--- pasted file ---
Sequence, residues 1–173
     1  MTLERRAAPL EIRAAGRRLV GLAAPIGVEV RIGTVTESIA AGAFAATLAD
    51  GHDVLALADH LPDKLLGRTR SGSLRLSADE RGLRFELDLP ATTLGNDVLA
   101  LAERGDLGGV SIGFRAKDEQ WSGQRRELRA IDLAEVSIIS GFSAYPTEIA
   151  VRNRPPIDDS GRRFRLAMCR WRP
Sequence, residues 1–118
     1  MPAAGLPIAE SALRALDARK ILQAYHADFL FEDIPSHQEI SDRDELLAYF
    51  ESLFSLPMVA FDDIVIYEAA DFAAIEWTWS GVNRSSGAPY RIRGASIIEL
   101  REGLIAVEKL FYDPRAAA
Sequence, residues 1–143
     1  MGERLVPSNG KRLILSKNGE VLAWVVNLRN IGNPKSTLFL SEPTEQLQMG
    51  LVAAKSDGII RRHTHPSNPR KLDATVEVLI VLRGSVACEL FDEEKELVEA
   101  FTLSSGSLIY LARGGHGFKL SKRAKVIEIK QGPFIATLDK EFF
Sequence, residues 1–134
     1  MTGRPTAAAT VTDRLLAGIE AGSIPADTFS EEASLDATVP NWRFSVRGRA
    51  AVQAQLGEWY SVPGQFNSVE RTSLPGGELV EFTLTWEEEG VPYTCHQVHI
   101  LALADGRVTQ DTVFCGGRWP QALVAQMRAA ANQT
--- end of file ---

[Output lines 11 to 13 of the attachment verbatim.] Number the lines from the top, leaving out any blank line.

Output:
     1  MGERLVPSNG KRLILSKNGE VLAWVVNLRN IGNPKSTLFL SEPTEQLQMG
    51  LVAAKSDGII RRHTHPSNPR KLDATVEVLI VLRGSVACEL FDEEKELVEA
   101  FTLSSGSLIY LARGGHGFKL SKRAKVIEIK QGPFIATLDK EFF